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Tuesday, May 28, 2024

CHINA POST 476. MEDIA EXTRACTS RE CHINA

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Graham Perry
Graham Perry
Experienced Arbitration Lawyer | China & Chinese Business Affairs | Public Speaker/Lecturer.

GOOD MORNING FROM LONDON  

#1  CLOSER LINKS BETWEEN CHINA AND THE VATICAN

#2  FEW REFERENCES TO CHINA AT CONSERVATIVE PARTY CONFERENCE

#3  US ALARM OVER REDUCED FUNDING FOR UKRAINE

#4  TAIWAN AND THE WORLD ECONOMY

 HONGKONG’S TOP CATHOLIC MADE A CARDINAL BY POPE FRANCIS

 The Pope has announced the appointment of Bishop Stephen Chow as the new Cardinal of Hongkong. Chow was quoted in Vatican News as saying he was “surprised” by the appointment, and that he was having dinner with his family when he found out.

 “I think this is an important role. Even Hong Kong itself in history is a bridge between East and West. And so is the church, between the church in China and the universal church. And we would like to see that come closer,” he told Vatican News.

 The Pope’s choices for cardinal are closely watched as members aged under 80 are eligible to take part in the conclave to appoint a new pontiff.

 Born in 1959, Chow was appointed by Pope Francis as bishop of the Catholic diocese of Hong Kong in 2019 following the death of Bishop Michael Yeung Ming-cheung. Chow paid a five-day visit to Beijing in April at the invitation of Bishop Joseph Li Shan of the Beijing diocese, the first time a senior Catholic clergyman from Hong Kong had visited the capital since the city’s return to Chinese rule in 1997.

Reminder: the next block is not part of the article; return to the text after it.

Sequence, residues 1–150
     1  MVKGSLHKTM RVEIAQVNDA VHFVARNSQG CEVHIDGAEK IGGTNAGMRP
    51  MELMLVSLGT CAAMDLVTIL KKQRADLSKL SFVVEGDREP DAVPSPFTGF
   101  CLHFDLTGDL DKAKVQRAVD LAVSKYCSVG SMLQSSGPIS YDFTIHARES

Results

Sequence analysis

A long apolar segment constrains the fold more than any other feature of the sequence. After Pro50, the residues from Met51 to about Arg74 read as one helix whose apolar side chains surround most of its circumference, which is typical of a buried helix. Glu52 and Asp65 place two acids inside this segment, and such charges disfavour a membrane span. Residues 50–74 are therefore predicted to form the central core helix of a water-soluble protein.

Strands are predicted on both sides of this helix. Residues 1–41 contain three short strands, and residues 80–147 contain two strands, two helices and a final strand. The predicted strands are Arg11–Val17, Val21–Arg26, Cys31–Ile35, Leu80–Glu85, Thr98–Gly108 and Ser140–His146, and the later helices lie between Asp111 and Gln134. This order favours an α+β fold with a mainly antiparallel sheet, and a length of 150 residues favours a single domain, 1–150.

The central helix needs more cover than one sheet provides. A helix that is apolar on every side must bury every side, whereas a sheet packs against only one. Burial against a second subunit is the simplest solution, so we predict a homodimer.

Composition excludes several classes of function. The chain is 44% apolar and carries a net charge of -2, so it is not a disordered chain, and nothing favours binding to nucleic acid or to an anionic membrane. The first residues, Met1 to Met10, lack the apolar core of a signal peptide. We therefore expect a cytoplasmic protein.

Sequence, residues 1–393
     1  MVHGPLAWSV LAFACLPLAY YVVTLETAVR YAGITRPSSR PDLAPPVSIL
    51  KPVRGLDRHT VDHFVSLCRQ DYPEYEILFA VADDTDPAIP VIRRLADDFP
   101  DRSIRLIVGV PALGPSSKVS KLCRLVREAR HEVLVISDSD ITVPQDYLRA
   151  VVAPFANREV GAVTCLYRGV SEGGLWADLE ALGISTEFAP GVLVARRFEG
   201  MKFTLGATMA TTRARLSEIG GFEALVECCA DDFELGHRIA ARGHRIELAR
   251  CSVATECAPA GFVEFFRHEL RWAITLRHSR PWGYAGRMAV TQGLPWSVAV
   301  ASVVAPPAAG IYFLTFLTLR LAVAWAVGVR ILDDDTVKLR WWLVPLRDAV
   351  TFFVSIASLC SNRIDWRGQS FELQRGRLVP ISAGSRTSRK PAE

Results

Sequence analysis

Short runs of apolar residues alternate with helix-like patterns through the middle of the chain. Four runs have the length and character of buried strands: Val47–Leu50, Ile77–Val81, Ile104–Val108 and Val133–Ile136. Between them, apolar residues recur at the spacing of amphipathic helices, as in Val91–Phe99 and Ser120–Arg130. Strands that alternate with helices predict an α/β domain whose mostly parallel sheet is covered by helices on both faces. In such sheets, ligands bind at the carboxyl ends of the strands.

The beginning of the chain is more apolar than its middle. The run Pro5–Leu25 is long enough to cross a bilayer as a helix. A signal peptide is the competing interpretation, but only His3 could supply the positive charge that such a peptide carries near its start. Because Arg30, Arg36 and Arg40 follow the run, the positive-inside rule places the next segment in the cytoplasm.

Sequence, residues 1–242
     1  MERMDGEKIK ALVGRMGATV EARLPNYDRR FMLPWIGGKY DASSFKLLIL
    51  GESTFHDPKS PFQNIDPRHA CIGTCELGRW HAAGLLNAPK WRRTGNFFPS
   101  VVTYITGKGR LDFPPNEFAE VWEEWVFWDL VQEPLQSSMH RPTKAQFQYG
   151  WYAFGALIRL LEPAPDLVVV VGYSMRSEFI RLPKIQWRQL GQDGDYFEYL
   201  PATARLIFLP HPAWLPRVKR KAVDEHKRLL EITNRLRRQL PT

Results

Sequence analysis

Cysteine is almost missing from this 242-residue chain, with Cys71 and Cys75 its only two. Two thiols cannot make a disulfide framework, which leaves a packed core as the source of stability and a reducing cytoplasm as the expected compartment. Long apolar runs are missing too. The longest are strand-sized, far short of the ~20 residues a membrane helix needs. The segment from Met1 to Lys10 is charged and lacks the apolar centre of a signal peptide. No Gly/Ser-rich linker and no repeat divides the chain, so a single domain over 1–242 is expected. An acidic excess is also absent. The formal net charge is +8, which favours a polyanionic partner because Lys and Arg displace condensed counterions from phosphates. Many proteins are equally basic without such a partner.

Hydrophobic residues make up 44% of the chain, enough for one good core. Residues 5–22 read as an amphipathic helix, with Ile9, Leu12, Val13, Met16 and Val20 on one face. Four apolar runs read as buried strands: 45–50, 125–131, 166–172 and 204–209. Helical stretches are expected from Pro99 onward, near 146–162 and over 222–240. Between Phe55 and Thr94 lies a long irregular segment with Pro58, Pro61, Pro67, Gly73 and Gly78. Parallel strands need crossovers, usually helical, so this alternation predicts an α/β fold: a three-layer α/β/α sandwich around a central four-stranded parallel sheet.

The bishop called for closer ties between the city’s diocese and churches and their counterparts in mainland China.

Cardinal Chow is one of the youngest clerics to be promoted to bishop in Hong Kong since the first Chinese prelate was appointed in 1969. Chow is also seen as a moderate, or politically neutral.

THE CONSERVATIVE PARTY ANNUAL CONFERENCE

BLACKPOOL. WEEK ENDING 8 OCTOBER 2023

It’s always interesting to see what gets picked up by journalists and what slips under the radar. For example, in a discussion with James Cleverly on The Spectator’s Chinese Whispers, the Foreign Secretary implied that one of the reasons the promise to remove Confucius Institutes from British universities had stalled was because of a fear of a reciprocal ban on the British Council in China – long suspected, but not admitted by senior officials so frankly before.

On the positive side, this was the first time in years a British Foreign Secretary has had to talk coherently about China at length. Ultimately, those looking for signs that the Conservative Government has a coherent and joined-up approach to China will be left disappointed. Just a few doors down from where Cleverly was making his pitch – that engagement with China is in itself not a reward, but just basic diplomacy – his fellow Cabinet attending colleague, Security Minister Tom Tugendhat, told an audience that cooperation with the PRC is just “win win [which] means China wins twice.” The founder of the China Research Group concluded that “the Chinese state is nothing but an aggressive attacker on British business at the moment”